The continued rise in appeals for GCSE, AS and A-level
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The continued rise in appeals for GCSE, AS and A-level

The continued rise in appeals for GCSE, AS and A-level

The data on appeals for summer 2018 GCSE, AS and A level exams is out and the results show a continued rise in appeals submitted and upheld in England.

According to new figures from Ofqual, the number of appeals related to these three examinations grew by 42 percent in 2018. As for appeals upheld, this increased by 54 percent. These findings continue an upward trend from 2016. Ofqual stands for the Office of Qualifications and Examinations Regulation, a government department that regulates qualifications, exams and tests in England.

After results are issued, a school or college can request a review of marking if it thinks an error has been made. If it is unsatisfied with the result of this review, an appeal can then be made to the exam board on several grounds: procedural error, malpractice decision, access arrangements, or a marking or moderation error.

The last two grounds were only introduced in 2017 for AS and A-levels and extended for GCSE English language, English literature and mathematics in 2018. Consequently, Ofqual said this was likely to have “resulted in an increase in the number of appeals…compared to previous years,” TES reported.

Marking error is the most common reason for appeals. It accounted for 81 percent of appeals, followed by review of marking for procedure (nine percent) and review of moderation for marking (six percent) and procedure (four percent).

While the number of appeals is increasing, the majority do not proceed to drastic changes or further action. For the summer 2018 exam series, only  0.003 percent of the 6.2 million qualification grades certified were changed as a result of an appeal. Most upheld appeals result in no grade change.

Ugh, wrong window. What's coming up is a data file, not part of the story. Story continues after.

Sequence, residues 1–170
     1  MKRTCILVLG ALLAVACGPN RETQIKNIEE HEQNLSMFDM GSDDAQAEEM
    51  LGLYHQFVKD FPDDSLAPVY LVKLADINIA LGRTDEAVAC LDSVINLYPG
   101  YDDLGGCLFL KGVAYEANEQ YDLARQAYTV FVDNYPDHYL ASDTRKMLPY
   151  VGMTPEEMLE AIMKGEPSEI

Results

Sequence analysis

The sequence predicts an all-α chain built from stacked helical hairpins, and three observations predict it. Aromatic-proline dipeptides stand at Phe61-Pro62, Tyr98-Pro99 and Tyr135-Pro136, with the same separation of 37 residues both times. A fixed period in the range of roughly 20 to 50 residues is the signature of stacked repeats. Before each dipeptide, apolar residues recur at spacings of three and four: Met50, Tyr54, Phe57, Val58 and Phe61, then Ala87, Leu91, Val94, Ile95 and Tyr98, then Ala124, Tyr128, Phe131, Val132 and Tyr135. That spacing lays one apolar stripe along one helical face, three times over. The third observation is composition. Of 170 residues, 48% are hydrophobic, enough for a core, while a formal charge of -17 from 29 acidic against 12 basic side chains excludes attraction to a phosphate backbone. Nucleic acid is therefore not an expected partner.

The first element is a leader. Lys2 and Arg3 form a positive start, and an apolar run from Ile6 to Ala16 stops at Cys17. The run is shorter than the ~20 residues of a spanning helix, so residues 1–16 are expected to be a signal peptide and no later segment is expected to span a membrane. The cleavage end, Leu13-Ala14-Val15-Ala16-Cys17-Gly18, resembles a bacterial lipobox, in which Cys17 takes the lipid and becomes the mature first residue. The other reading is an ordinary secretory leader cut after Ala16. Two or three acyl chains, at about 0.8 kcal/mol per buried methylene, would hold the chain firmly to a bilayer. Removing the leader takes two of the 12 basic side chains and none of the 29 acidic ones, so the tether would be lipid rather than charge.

At AS and A-level in 2018, the number of qualification grades challenged decreased 41 percent compared to the previous year. According to Ofqual, this is due to schools including fewer candidates than previous appeals, “possibly due to the reduction in the number of moderated components as a result of reform”.

Only four percent of preliminary appeals progressed to an appeal hearing. The appeal hearing is the later stage of the two-stage appeals process put in place by the exam boards. Stage One appeal is preliminary, where a senior member of the exam board who has not previously been involved with the particular case conducts a review.

A school or college can request an appeal hearing only after going through a preliminary appeal. For the Stage Two appeal, applicants and exam boards present their case to a panel, which the exam board convenes. The panel comprises at least three members, one of whom must be independent.

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